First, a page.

Domain -vs- Workgroup

I'm struggling with a Domain -vs- Workgroup decision.  I am building a server for my son's fraternity house that will fill a need for file sharing and personal storage.  There will be about 70 user accounts.  They need a public folder for file sharing and each member will have a secure folder for file storage.  I'd rather not create a domain if I can help it because of the user profile issues joining the domain will cause on the member's laptops (and I don't want to deal with the inevitable phone calls about user accounts).  Thus, I'm leaning toward installing a WinXP box with a terabyte of storage, setting up a workgroup, and teaching them how to join the workgroup and add accounts to Windows XP.

I'm looking for the brains on this site to either validate my thoughts or point out something I have not considered.  Thanks in advance!
timabeAsked:
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zorionterrellConnect With a Mentor Commented:
Really Depends on their budget. SBS is good, but has a limit of 75 and you have to buy a MS CAL for each user($$$$). How much I/O do you think they will be using. Will be this be their main Storage for all their data, or do they just want a secure location to store important data for backup and a folder to pass files?

If you are going to build a system to host hard drives with data, you want it to be on a RAID-5 configuration. You need at least 3 identical hard drives for this and a raid controller. This will allow for redandancy should one of the drives ever fail.

To host a windows file sever, you cannot use windows XP. Its not designed to deal with amount of requests 70 clients will put on it.
You also dont need to join the client computers to a windows domain to be able to access the files. If a Windows Sever is setup in a workgroup, local user accounts created and assigned to folders, when a client acceses the UNC path (\\servername\share) windows will ask for the login credentials.

Another thing to consider is how will all the systems be aquiring IP Addresses and DNS. Is this a location with some sort of network already established?

There are so many things to consider when planning Network Storage for a large group of users.

Take a look at Windows Server 2008 Foundation. http://www.microsoft.com/windowsserver2008/en/us/foundation.aspx

Would be Perfect for what you want to do at a lower cost.

Hope this Helps a bit. I know i've just thrown a lot at you. If you'd like to talk more we can communicate via email. Let me know.
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timabeAuthor Commented:
There is another option:  Does anyone have any experience with the Buffalo Terrastation?  It looks like it will manage user security itself, eliminating the need for a server and user accounts.  
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John HurstBusiness Consultant (Owner)Commented:
Whether you use a Domain or Workgroup, XP does not make a good file server and for 70 persons it will likely drown. You probably need a small business server, or, if some one know how to set it up for Windows users - a small Linux server. ... Thinkpads_User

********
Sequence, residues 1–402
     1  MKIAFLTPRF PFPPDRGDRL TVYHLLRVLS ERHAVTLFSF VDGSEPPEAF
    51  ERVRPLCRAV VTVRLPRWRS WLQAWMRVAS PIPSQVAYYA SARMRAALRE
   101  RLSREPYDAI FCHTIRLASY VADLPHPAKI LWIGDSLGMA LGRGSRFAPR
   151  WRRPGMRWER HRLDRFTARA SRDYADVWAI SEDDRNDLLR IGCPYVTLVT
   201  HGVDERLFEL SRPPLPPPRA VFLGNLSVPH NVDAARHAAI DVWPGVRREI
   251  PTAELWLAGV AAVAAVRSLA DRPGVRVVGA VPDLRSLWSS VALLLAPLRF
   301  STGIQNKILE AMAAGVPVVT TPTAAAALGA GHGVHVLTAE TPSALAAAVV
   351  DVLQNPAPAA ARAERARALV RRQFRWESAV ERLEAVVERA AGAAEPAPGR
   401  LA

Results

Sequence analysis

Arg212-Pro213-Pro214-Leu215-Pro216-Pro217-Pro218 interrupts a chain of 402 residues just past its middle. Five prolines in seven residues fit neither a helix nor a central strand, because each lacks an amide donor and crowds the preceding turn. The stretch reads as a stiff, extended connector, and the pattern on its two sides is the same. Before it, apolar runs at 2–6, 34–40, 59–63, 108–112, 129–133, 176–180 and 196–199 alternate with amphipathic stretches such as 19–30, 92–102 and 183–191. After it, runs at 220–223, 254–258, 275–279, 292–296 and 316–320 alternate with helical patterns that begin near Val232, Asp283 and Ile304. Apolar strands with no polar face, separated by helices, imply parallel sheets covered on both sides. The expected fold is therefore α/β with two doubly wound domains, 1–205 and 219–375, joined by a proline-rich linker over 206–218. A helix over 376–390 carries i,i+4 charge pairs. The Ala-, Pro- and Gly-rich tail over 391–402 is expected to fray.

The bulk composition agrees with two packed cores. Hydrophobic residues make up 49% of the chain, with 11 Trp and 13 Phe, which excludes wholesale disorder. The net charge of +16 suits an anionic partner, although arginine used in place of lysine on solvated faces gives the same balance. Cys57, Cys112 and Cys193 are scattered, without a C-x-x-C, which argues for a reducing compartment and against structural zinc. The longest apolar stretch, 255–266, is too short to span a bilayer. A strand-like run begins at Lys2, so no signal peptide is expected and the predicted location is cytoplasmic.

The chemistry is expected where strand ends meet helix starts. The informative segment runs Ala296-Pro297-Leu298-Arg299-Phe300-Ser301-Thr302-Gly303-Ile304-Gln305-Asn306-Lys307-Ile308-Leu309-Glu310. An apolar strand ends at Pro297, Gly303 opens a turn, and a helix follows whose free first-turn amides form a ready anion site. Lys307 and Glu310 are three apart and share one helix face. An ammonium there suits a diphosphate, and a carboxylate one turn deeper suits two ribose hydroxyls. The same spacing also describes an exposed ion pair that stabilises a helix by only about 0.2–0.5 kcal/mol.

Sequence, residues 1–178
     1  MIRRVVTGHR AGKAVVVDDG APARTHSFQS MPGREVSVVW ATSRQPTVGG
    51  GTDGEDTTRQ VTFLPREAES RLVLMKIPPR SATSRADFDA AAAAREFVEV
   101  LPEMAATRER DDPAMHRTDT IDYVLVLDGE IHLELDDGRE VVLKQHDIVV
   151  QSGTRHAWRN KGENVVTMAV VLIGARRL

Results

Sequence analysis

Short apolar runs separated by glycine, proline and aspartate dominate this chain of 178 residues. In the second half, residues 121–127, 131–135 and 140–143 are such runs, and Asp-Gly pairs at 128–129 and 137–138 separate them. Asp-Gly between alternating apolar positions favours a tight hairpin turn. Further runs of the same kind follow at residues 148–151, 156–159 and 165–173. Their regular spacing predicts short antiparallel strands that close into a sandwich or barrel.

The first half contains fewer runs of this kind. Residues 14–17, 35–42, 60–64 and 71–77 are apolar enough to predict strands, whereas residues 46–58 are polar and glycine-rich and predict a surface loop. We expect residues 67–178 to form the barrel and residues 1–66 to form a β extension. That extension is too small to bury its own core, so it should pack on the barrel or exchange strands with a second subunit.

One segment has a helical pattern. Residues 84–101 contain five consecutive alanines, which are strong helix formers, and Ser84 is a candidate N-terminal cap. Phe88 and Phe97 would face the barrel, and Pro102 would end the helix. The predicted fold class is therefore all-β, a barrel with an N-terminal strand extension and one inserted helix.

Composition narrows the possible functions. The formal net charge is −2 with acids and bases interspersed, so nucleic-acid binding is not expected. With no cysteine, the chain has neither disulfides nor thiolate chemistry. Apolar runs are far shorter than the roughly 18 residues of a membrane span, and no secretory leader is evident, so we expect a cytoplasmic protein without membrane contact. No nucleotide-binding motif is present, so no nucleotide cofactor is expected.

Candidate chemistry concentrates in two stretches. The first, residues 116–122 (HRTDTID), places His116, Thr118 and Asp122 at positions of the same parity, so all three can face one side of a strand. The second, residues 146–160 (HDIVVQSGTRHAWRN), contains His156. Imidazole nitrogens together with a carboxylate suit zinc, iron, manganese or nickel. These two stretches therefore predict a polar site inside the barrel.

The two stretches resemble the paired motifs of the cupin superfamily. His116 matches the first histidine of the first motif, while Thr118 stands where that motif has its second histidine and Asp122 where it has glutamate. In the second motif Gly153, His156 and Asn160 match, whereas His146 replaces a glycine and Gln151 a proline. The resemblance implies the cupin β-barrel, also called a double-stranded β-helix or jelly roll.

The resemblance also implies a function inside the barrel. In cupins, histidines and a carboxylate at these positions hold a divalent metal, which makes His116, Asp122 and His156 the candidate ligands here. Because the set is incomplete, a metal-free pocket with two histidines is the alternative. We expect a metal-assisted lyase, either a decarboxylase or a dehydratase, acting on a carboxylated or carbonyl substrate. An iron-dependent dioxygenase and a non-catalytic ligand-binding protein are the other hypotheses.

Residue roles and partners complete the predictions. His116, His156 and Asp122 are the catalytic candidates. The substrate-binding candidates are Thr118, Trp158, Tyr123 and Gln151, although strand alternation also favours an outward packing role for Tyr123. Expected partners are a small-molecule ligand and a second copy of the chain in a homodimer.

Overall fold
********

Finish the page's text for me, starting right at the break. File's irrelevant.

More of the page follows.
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manny_lenisCommented:
First and foremost what is your budget for this little operation?  If its for a fraternity house, I would personally want it to be expandable not just a file server.  Maybe host their Frat house website, along with calendar events, pictures to sare with the rest of the campus and or family and friends.  Install maybe phpbb3 and have the run their own myspace so to speak.  Small business server is where i would go.  It comes with Exchange server so they will be agle to have their mail server where they can admin.  Possibilities are endless.  I gues what im trying to say is DOMAIN all they way.  And you need help let me know.  
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timabeAuthor Commented:
Great points.  XP is probably a bad idea, and I have a license for SBS I can donate.  I guess I could just set it up in a workgroup and solve most of my problems (except the inevitable admin issues).

Any comments about the Buffalo Terrastaion III?  Raid 5, web administration, and it looks like it would be easy to teach someone how to administer.  Am I missing something here?
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zorionterrellCommented:
A NAS like the Terrastation paired with a SBS would work. Unless there is already a network infrustructure that handles DHCP and DNS, in which case no need for SBS. My only concern is i cannot tell how many users the Terrastation will allow.

Another Option is to go Open-Source. Its a little more tricky to administer, but can be done 100% (except for hardware of course). The 2 Server i would i reccomend looking into would be either FreeBSD (freebsd.org) or Ubuntu Server. Both can handle DNS, DHCP, LDAP NFS, SMB. Everything you need for a deployment of Network Storage with user specific file/folder permissions.
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timabeAuthor Commented:
Thanks for the tips.  I'll probably give the Buffalo NAS a try.  They already have firewall and wireless router that some kid installed, so I should be able to skip the SBS box (I hope) .  The NAS has the added benefit of being easy to hide - a key benefit when dealing with a bunch of knuckleheads!
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